Robert Burns was a Scottish poet who lived in the second half of the 1700s. You might know his work from singing Auld Lang Syne on New Year’s Eve, or “my love is like a red, red rose.” Holden Caulfield famously misquoted Burns’ poem Coming’ Thro the Rye as Catcher in the Rye.
Another famous poem Burns wrote is “To A Louse.” Many people don’t know the title nor the context of the poem, but they remember the most famous line:
O would some Power with vision teach us
To see ourselves as others see us!
The context is that Burns was attending church service one Sunday, sitting behind a lovely young
lady dressed in all her finery. His attention drifted from the sermon to the lady’s hat and ribbons, as Burns became captivated with watching a louse (plural, lice) wander indiscriminately through her hear, hat, and ribbons.
The bulk of the poem is wryly suggesting that the louse go off to fine more customary living grounds, perhaps a housewife’s flannel tie, or maybe on some ragged boy’s pale undervest. But on a lady’s bonnet? Surely you jest!
The lady had dressed in all her finery and frippery that morning, and had traveled to church to see and be seen in it. She was sitting in the pew, with gloves and best dress, scrubbed and looking splendid. She was, of course, completely unaware that a louse was traversing her elaborately coiffed curls. She thought she was looking good. The man sitting behind her saw the louse that she could not. The embarrassing pestilential creature ruined the entire carefully crafted public presentation the lady had no doubt taken many pains to complete.
Burns’ finals stanza with the pertinent line, To see oursels as ithers see us! is a plea which has been heard.
1. The Lord see sees us as Burns saw the lady, except worse. He sees us as we are. He sees the metaphysical lice crawling all over us, which are the sins we preform, traversing our body like the “hair fly”. He sees the rubbish as Paul would say, the dung clinging to us in our natural state. He loved us anyway.
2. He allows us to see ourselves as He sees us, thorough the written word. The Bible is a reflection of us, in our sin and depravity, and it is a reflection of Him, in His glory and power. We see ourselves as He sees us when we go into a woman who is another man’s wife, as David did. When we murder Christians because we are a religious zealot in a false religion, as Paul was. He shows us our lice ridden selves when Peter denied Christ to save himself in his own cowardice. In Cain who murdered, in Eli who was complicit in blasphemy, in Abraham who lied.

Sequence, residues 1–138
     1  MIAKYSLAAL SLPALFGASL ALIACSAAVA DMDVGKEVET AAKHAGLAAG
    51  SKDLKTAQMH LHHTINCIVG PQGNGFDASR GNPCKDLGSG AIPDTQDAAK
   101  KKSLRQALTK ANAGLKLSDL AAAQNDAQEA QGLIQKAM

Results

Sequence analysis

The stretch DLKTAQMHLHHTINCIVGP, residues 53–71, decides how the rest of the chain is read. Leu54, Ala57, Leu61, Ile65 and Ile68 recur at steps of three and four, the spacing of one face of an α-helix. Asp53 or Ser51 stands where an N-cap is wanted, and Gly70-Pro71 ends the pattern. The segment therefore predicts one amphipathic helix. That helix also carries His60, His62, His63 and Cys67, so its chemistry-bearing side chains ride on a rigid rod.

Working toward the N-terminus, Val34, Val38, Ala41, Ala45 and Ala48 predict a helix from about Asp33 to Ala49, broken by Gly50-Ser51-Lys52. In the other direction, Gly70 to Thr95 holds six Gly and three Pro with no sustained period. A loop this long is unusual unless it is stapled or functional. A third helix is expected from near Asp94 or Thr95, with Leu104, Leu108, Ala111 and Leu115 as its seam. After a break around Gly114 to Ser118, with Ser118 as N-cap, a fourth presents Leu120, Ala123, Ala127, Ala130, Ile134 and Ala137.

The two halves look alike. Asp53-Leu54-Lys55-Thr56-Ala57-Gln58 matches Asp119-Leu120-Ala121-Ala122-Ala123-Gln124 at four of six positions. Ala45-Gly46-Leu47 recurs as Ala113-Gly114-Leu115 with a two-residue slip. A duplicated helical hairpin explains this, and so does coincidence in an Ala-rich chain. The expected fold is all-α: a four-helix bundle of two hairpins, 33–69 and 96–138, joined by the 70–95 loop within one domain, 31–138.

When we do see ourselves as He sees us, we cry out, O! It is too much! I cannot stand it! I am too corrupt! perverted! deviant! degenerate! debased! immoral! unprincipled!
In truth, the lice are actually better than the natural man, ‘For the creation was subjected to futility, not willingly’ (Romans 8:20a) but Adam chose to Fall.
As we would crumble into instant dust if in the natural we saw God’s glory, we also would crumble if we saw ourselves as truly depraved as we are. Sinners, all. The Bible reveals it, confirms it, shows it so any who care to look.
The cross is the place where depravity met glory. He loved us so much, He sent His Son, to live, teach, and die for sinners, who are in truth no better than the louse on the lady’s hair, though we try to dress up. With every heartbeat, love flowed through His veins.
Lord, thank you for opening your veins and sharing Your love with us.
During this week upcoming to Resurrection Sunday, please be in prayer to thank the Lord for shielding us from the true depths of our own depravity and from the true heights of Your glory, both of which if we saw in the natural, we would instantly die. And yet because of the cross, we live.